The municipal election on Oct. 24 brought nine new councillors into city hall, including one who defeated the John Tory-endorsed incumbent Mark Grimes.
While Tory was able to secure a third term as mayor, winning a majority of votes, his endorsements of unsuccessful candidates indicate his influence could be waning.
“[Tory’s] support for particular candidates in the wards was not taken up by the voters as strongly as it would have been in the past,” says Dr. Roger H. Keil, political science professor at York University “While the Mayor was able to sustain his power personally, clearly his regime of governing showed some weaknesses.”
For a progressive city
An undercurrent of this municipal election was the emergence of progressive candidates and organizations that support them. One of those organizations is Progress Toronto, a non-profit organization that “advocates and organizes for a more democratic, socially just, and progressive city,” according to its website.
Progress Toronto supported nine candidates for councillor, with five of them winning their races. This includes Amber Morley, the only candidate to unseat an incumbent, Tory-supported Mark Grimes in Ward 3 Etobicoke-Lakeshore.
“I do think there’s reason to believe that organizations, like Progress Toronto in particular — progressive advocacy organizations — have been demonstrating that they can make a dent into the status quo,” Keil says.
Two of the three candidates Tory supported in races without an incumbent lost.
The third was Jon Burnside, former police officer and councillor for Ward 26 before it was dissolved in 2018, who won in Ward 16 Don Valley East this time.
A stronger mayor
While a younger, more progressive group of councillors have arrived, Tory’s new “strong mayor” powers could still give him more influence over city council than he had last term.
The new powers, introduced by the provincial government for both Toronto and Ottawa city governments, gives the mayor more influence over the city than when the mayor was effectively equal to each of the councillors.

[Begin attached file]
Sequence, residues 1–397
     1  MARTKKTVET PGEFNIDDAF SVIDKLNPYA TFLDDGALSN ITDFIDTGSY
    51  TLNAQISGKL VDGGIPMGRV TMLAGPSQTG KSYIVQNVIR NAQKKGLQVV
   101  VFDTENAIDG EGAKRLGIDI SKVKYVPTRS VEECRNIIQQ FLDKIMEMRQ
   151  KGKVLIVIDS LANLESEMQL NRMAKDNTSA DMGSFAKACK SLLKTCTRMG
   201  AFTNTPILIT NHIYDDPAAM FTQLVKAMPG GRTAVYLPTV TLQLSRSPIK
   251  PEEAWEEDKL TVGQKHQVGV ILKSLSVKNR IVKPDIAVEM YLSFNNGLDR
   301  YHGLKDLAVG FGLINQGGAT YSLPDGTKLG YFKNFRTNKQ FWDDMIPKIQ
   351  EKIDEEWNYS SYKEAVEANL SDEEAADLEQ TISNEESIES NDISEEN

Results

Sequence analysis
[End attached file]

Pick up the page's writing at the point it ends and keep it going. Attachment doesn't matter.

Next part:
As a strong mayor, Tory would be able to veto certain council decisions, appoint and dismiss specific city employees, as well as prepare and present the city’s budget.
While organizations like Progress Toronto have said these powers could undermine Toronto’s democracy, Keil expects Tory to use them sparingly.
“[Tory] is a very conservative conservative, which means that he is not going to make big changes or rapid change,” Keil says. “Of course, he has allegiances with certain groups in the development industry and business industry. After all, he is a business executive himself…. It is unlikely that you will see conflict by using these strong mayor powers. He will only use them when he really needs to.”
Provincial politics tend to dominate municipal politics and Premier Doug Ford’s new More Homes Built Faster Act is an example of this, Keil says. The act bypasses zoning laws, certain fees, and aspects of the conservation authorities, as well as allowing developers to build residences for up to three units on land zoned for one.
“[Tory] now finds himself in a bind between a rejuvenated and much more diverse, perhaps more progressive council on one hand and a provincial government that is digging in its heels and is attempting to push through their own objectives,” Keil says. “He, as a strong mayor, can only be as strong as the provincial government allows him to be.”